Another difference is that there is less prejudice against blues now. When I was at school my band was not allowed to practice on school premises because we played blues – whereas pop was allowed. Now I give talks on blues at a local school.  And in the 60s and 70s many folk clubs, which were almost the only blues venues outside London, hated Europeans playing blues.  The folk singer Ewan McColl once ranted at me about this for what felt like hours. He felt I should only play English folk music, because I am English. I thought this was a bit much from someone whose real name was Jimmy Miller, but I was far too scared to say so ...  

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What are some of the most memorable tales with Clyde Stubblefield? 
I only met him once. He was in a blues bar in London with a group of other Americans. I played a few songs and then said something, and when they heard my very English accent they almost fell off their chairs laughing. But when I had finished the set Clyde came up and said how much he liked what I was doing, that it felt real and that I was the funkiest singer he’d heard in Europe. He gave me his card.  When I read who he was it was my turn to fall off my chair. He’s always been a hero because of the truly revolutionary beats he developed in the classic James Brown era.  Incidentally, classic funk is very similar to Delta blues rhythmically - listen to Kokomo Arnold, Booker White or Son House and then JB, and you’ll hear it...      

Which is the most interesting period in your life and why?
Interesting to me, or to other people? If you mean to me, I would always answer”now”. Reality is always more interesting than memories!  Right now I’m still working on my music and learning about life, and the Aviators and I have just finished recording by far the best album we’ve ever done. 
But I suppose my life in the 70s was probably more interesting for other people to hear about – I was living in squats, touring Holland, sleeping on floors and playing in Amsterdam bars till 5 am, to audiences of Vietnam deserters, pimps and dealers. I got to hear some great music, too – Muddy, Jimmy Witherspoon, Ray Charles, Rahsaan Roland Kirk, even a kid called Eric Clapton, who played some nice guitar with John Mayall’s band...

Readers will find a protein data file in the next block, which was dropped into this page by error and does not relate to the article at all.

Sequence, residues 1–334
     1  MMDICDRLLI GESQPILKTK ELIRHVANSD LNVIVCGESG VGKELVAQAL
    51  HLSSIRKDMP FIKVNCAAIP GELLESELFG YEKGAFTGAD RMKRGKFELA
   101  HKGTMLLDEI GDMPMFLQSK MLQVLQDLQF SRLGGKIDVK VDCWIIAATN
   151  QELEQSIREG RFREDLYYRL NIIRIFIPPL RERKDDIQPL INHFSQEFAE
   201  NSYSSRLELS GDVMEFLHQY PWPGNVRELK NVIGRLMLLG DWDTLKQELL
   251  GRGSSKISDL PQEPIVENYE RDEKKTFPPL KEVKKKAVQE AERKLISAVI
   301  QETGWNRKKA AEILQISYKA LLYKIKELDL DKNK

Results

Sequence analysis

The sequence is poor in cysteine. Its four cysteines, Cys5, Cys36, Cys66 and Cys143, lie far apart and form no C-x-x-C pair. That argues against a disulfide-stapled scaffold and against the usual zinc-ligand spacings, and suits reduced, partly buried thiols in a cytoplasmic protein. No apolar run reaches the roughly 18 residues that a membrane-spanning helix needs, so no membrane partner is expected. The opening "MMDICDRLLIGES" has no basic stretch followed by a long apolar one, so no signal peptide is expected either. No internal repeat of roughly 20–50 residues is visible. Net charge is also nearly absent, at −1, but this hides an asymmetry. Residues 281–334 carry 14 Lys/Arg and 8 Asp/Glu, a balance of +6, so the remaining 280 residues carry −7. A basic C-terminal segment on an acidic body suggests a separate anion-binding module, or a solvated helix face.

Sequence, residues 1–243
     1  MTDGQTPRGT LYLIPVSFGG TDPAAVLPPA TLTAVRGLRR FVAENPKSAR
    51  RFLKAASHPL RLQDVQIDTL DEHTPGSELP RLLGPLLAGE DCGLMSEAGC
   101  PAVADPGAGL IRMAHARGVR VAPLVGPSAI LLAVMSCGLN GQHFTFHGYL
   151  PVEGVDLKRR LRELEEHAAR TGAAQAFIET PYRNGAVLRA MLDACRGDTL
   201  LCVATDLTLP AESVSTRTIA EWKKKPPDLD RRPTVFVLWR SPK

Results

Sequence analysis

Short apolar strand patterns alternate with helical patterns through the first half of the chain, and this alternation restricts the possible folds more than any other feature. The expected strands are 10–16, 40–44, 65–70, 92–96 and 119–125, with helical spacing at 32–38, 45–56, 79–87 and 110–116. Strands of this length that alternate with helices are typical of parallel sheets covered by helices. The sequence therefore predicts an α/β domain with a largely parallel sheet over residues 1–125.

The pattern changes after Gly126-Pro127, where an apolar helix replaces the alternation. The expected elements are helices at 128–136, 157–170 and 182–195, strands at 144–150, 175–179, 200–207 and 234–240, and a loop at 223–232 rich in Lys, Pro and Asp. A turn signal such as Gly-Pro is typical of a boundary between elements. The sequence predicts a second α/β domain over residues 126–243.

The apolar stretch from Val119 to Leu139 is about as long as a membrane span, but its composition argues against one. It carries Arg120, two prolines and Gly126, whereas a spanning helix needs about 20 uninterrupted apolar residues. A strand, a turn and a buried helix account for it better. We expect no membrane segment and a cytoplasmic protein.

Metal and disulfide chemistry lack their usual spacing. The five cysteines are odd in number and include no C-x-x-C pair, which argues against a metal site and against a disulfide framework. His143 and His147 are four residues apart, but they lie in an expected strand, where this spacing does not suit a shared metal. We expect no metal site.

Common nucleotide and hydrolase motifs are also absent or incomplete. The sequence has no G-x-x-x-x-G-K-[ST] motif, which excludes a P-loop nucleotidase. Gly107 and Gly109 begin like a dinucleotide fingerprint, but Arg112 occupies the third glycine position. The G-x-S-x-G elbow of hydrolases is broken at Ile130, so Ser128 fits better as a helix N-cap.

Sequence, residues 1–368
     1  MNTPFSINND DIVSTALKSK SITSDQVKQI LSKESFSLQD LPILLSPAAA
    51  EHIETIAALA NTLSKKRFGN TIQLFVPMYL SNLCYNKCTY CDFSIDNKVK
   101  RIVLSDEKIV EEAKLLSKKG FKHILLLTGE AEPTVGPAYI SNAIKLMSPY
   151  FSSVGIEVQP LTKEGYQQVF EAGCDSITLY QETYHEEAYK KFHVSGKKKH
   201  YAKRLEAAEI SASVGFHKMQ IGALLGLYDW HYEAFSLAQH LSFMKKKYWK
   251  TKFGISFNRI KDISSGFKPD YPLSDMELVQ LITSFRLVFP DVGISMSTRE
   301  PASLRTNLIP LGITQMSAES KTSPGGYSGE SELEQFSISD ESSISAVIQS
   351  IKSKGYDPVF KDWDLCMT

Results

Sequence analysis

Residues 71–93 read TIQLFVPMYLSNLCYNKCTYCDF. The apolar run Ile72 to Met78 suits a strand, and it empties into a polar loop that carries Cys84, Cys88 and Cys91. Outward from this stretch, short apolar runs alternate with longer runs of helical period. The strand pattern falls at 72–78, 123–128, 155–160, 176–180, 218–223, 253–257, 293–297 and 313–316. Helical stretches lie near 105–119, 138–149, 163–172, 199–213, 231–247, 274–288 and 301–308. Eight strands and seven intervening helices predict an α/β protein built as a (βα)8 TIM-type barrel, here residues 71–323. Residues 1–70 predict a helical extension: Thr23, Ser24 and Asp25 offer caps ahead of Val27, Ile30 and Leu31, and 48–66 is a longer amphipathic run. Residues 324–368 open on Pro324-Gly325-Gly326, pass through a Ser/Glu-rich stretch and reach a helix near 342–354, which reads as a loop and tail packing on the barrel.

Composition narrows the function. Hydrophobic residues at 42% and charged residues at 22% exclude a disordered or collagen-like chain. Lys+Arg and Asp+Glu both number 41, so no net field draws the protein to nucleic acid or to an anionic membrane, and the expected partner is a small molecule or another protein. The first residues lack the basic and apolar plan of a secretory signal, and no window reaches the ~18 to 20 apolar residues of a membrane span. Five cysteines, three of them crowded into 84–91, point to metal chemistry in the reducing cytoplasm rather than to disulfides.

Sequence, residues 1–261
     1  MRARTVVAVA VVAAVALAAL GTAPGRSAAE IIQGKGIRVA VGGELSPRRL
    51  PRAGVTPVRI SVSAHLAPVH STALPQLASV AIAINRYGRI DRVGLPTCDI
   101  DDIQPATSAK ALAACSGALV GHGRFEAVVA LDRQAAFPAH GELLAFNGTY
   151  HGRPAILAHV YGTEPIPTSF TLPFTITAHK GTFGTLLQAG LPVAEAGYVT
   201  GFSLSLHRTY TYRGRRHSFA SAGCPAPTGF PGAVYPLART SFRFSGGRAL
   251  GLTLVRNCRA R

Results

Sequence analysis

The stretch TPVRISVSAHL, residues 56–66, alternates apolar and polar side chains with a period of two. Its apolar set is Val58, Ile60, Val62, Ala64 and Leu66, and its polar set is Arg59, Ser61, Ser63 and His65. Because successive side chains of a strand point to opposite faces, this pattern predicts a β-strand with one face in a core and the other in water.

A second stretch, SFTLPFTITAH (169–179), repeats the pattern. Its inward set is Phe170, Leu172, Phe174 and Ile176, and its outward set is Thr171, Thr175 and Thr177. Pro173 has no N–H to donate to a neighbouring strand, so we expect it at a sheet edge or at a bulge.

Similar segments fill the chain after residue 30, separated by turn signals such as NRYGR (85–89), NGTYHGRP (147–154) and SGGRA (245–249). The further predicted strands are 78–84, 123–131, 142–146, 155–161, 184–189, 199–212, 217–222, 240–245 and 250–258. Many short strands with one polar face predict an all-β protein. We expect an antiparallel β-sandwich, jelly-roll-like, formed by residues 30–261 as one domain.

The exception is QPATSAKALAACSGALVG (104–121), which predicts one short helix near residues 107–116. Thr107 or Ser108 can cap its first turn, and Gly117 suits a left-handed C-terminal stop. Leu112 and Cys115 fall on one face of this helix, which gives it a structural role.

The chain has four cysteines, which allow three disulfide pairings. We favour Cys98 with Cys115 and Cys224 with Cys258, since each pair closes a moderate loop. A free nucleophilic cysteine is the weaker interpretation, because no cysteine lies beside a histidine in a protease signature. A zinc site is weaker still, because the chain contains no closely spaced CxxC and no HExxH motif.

But at the time, I would have described that life as tough rather than interesting; I’ve always been the sort of person who worries a lot about where the next meal’s coming from, and where I’m going to sleep – not the happy-go-lucky type at all.     

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What experiences in your life make you a GOOD BLUESMAN?
Do you think I’m a good bluesman? If so, I’m very pleased! I think the common factor linking all the bluesmen I respect is that they hate bullshit. It’s true for me too: I don’t mean that I make a moral judgement about it, I simply mean there’s something missing in me, so I can’t cope with people who are false. When I meet people who project an image based on lying to themselves and to the world, I can’t be objective, I just run away from them, or I say something that makes them cross.  I grew up surrounded by lies – I didn’t find out who my father was until I was in my thirties – and I suppose the blues has been my refuge from deceit.  Many of the blues musicians interviewed by Paul Oliver in his book “Conversation with the Blues” said, when asked to define what blues is, that real blues is unmistakably honest, that the singer tells the truth as he or she sees it. Christophe Pélissié, our guitarist, saw BB King a few years  back and noticed that during a slow blues solo BB was quietly crying ... after so many years and gigs, he was still so emotionally close to his music, still telling his truth.  
I think that’s partly why most bluesmen did not become superstars – they were not equipped to deal with the manipulation and deceit which is inseparable from the music business. 
So I would say that the experiences in life that make you value the truth, even the unwelcome truth about yourself, are those that make you a good bluesman. Most of those experiences are tough – making mistakes in your loves or your life, being screwed over by people and having no redress against them – but some of them are positive, like finding you can create joy and satisfaction for yourself even in the difficult times.

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 What's been my experience from “studies” with Son House, Mississippi Fred McDowell, Juke Boy Bonner among others? 
I learned some things about technique which I’ll come to in a moment.  But the most important thing I learned was what I mentioned just now. All the bluesmen I saw seemed to be singing directly from their deepest personal truth.  They were not shielding themselves behind showmanship, even if – like Muddy for example – they were great showmen. Listening to them I felt that, in a sense, both they and I were naked.  When I heard Jimmy Witherspoon sing, it was desperately uncomfortable for me, being a 16 year old middle-class English boy, in a culture where feelings were never displayed. But it felt like I’d been handed a lifeline.  
Fred McDowell was different again: he seemed to go inside himself when he sang – he did not, like many performers, expand outwards to envelope the audience, but he drew them inwards to himself.  Extraordinary. 
Son House immediately created an atmosphere of shared truth by joking about the fact that when he was offered a European tour his wife insisted he had his hair dyed, because “those kids won’t want to see an old man”. When he stood up and sang “John the Revelator” unaccompanied, you felt that he was alone with his god.